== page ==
When polled during election season on the issue of free contraception, an overwhelming majority of women agreed that contraception should be treated like any other drug by the federal government. On the question of whether employers at religious institutions should be forced to violate their consciences in order to provide free contraception, majorities of women both older and younger than forty-five disagreed. The very notion that women should agree basically assumes that women are not employers, that women don’t hold religious values, or that women don’t have conscience rights. Yet any opposition to the mandate was labeled as part of the ever-nebulous "war on women."

The Right should be schooling the Left on a whole host of issues affecting women, yet we are the ones framed as warring on women’s rights. Below I offer three concrete ways to redraw the battle lines.

Let the Women Do the Talking

Rush Limbaugh and Peggy Noonan are wrong about Sandra Fluke. She’s not a ninny or a slut. She’s a cunning and accomplished law student with a strategic message. She was groomed by the Left as a torchbearer. She was effective.

The Right needs to get some Sandra Flukes.

In general, the Left is very good about finding female policymakers and talking heads to rally the troops on issues that affect women. During the Planned Parenthood / Komen Foundation debacle, during the (ongoing) HHS mandate debate, and on anything related to abortion, equal pay, and so on, there is always a woman leading the front from their camp.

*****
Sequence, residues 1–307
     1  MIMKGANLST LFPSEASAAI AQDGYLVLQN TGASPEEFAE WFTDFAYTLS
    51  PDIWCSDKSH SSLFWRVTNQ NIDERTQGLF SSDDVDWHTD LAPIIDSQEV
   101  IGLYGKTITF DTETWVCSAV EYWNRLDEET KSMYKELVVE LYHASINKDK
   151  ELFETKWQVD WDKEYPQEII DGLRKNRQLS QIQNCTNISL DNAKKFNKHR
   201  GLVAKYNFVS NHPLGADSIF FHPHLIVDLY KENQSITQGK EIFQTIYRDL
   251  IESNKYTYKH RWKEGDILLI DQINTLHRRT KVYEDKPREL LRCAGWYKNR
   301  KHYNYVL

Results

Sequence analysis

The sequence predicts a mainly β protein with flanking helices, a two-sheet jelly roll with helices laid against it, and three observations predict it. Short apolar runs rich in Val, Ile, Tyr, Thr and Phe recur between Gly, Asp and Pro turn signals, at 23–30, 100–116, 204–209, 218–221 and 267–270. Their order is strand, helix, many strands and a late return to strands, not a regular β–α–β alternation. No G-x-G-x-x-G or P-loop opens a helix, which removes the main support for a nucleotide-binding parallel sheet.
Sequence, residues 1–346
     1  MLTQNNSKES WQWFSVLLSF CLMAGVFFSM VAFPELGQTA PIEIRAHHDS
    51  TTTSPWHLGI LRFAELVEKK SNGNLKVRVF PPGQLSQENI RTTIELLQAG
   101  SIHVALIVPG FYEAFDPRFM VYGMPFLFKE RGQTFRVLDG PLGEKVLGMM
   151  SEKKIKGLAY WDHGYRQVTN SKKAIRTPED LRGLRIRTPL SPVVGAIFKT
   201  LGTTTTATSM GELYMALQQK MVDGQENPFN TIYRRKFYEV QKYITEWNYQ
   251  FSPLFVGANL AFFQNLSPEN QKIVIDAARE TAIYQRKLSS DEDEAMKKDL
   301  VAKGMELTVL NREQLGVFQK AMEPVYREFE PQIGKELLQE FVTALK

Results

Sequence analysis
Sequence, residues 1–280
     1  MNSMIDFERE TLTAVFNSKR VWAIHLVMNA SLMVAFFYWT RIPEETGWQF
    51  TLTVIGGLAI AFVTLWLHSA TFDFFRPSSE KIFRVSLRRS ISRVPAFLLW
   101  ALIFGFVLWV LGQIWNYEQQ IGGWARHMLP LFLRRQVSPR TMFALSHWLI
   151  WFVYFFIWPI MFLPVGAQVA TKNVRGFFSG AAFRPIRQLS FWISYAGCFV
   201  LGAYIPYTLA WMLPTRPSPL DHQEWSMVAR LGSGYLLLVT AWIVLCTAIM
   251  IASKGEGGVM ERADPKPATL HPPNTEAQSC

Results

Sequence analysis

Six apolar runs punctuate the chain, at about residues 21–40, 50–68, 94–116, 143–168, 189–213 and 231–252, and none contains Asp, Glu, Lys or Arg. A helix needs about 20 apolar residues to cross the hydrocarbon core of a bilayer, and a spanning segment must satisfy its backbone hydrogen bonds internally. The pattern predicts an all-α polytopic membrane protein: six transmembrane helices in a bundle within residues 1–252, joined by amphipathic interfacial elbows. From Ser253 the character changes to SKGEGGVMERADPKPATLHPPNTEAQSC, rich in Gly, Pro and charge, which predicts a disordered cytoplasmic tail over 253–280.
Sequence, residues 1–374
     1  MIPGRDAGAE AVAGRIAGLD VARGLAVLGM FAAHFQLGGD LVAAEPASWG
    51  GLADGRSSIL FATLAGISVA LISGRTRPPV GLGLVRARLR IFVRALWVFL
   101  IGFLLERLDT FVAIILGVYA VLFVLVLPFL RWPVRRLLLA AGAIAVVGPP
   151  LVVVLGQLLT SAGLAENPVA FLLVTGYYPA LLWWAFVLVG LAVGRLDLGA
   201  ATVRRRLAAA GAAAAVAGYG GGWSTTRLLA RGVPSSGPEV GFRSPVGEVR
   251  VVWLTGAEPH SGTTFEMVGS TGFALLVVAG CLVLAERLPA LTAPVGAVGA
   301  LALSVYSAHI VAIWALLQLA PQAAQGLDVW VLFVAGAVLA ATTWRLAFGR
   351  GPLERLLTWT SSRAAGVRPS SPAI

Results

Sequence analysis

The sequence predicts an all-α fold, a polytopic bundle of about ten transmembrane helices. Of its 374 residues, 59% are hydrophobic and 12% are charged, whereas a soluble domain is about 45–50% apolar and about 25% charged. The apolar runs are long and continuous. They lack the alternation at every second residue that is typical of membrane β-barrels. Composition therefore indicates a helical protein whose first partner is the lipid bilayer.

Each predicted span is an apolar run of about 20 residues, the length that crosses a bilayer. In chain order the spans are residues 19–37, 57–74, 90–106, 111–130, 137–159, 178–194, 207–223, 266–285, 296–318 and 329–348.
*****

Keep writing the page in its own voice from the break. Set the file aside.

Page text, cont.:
This past election cycle, whenever anyone so much as uttered the word “woman,” liberals trotted out Fluke, Wasserman-Shultz, Pelosi, Boxer, Gillibrand, Maddow . . . et alia.

The Right brought out . . . ?

We need more women out front. We should be actively cultivating a horde of Sandra Flukes. Carly Fiorina and Jane Norton should not have lost their races. Republicans should focus with special care on electing socially conservative female officeholders, especially senators and governors.

Admittedly we have less of a selection from which to choose, probably because socially conservative women are more likely to be home taking care of their husbands and children, rather than spinning on Sunday talk shows about how full-time moms like Ann Romney have never “worked a day” in their lives.

But nonetheless, it’s pretty simple. Think less crinkly faces and less gray hair. More lipstick and highlights. The women are there. Find them. Fund them. Elevate them.

Tackle Some Pro-Woman, Pro-Family Policies 

Democrats excel at putting Republicans on defense over policy tailored to women. The Lilly-Ledbetter Fair Pay Act and the Violence Against Women Act are just two recent examples of laws that Democrats used to tee up renewed threats of a Republican war on women. They made sure to include something objectionable (undermining the valid causes behind the laws) to ensnare Republicans and then hammered away at the slightest croak of objection. They milked the legislation for weeks of earned media and bulked their tepid case in the raging HHS mandate debate.